MUSIC UNDER PRESSURE can be cheerfully commercial. The U.S. group Dixie Chicks faced boycotts by fans and radio in 2003 after one member’s critical comment about President Bush at a London concert became news. This summer in Nablus, West Bank, members of the Al Aqsa Martyrs’ Brigades broke up a concert by Palestinian pop singer Amar Hassan (second-place winner in a Lebanese TV American Idol-type show). Before the concert they had approached Hassan and reportedly ordered him to change his repertoire and replace all love songs with political pieces. Shaima Rezayee, a young woman who was a presenter on an Afghan music video show, was shot in May. The killing was believed to be connected to the displeasure of fundamentalists with both the music presented and her mere presence as a woman on TV. In July her male co-host fled to Sweden to escape harassment and death threats.

    Musicians can be treated as tools of political maneuvering. In Nigeria, Afrobeat star Femi Kuti—son of the late legendary musician and political activist Fela Kuti—has had one song banned for years for racy content, while raunchy Western songs continue to receive airplay. Kuti contends that it is a back-door means for the government to disrupt his work, which often features political songs with commentary on government corruption. During the run-up to last March’s parliamentary elections in Zimbabwe, several popular musicians were recruited to write songs supporting President Robert Mugabe’s campaign; they subsequently suffered a nosedive in their careers as fans refused to buy their records or attend their concerts. But if they had declined Mugabe’s request, their music likely would have been banned from radio, which is state-owned. In Belarus, the government of dictator Aleksandr Lukashenkobanned from radio the music of several of the country’s top bands after they performed at a concert protesting Lukashenko’s rule.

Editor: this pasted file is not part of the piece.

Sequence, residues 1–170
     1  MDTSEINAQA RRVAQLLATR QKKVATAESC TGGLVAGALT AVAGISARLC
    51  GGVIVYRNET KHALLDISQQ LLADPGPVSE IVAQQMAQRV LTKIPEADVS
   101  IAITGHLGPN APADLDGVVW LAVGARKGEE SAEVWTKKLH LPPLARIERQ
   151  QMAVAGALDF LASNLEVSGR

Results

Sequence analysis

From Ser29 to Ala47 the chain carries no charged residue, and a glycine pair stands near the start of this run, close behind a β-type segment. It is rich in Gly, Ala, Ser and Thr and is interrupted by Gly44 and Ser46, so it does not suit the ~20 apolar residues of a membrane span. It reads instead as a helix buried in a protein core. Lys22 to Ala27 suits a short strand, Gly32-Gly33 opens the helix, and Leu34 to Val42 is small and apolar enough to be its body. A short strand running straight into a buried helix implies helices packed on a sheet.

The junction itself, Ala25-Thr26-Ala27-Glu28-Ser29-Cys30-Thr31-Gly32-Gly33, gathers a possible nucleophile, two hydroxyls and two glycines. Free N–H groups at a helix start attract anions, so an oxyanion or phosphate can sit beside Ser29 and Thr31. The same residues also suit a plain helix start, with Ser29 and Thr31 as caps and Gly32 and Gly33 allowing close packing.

The common thread in all these situations is the desire by an institution or group to control and suppress free expression. Those fortunate enough to live in a relatively stable democracy have the option of debate—sometimes messy but rarely dangerous—over whether artistic content is somehow beyond the pale. But when debate is dangerous, or when even one’s faith or language is considered a threat, the key question is put into high relief: Which are more dangerous—songs or those who would silence them?

    Julie Polter is an associate editor of Sojourners

    To Learn More...

    Freemuse
    This independent organization, based in Denmark, advocates on issues of freedom of expression for musicians and composers worldwide.

    United Nations Educational, Scientific, and Cultural Organization (click on “Culture”)
    The UNESCO site has resources on topics such as cultural heritage protection laws, the role of culture in development, and projects to promote the arts and creativity.

    New Internationalist magazine, August 2003
    This special issue on “Sounds of Dissent” is posted online.

    Music for Change
    An “arts organization that aims to promote understanding and respect for cultural diversity through music.”

    Sojourners relies on the support of readers like you to sustain our message and ministry.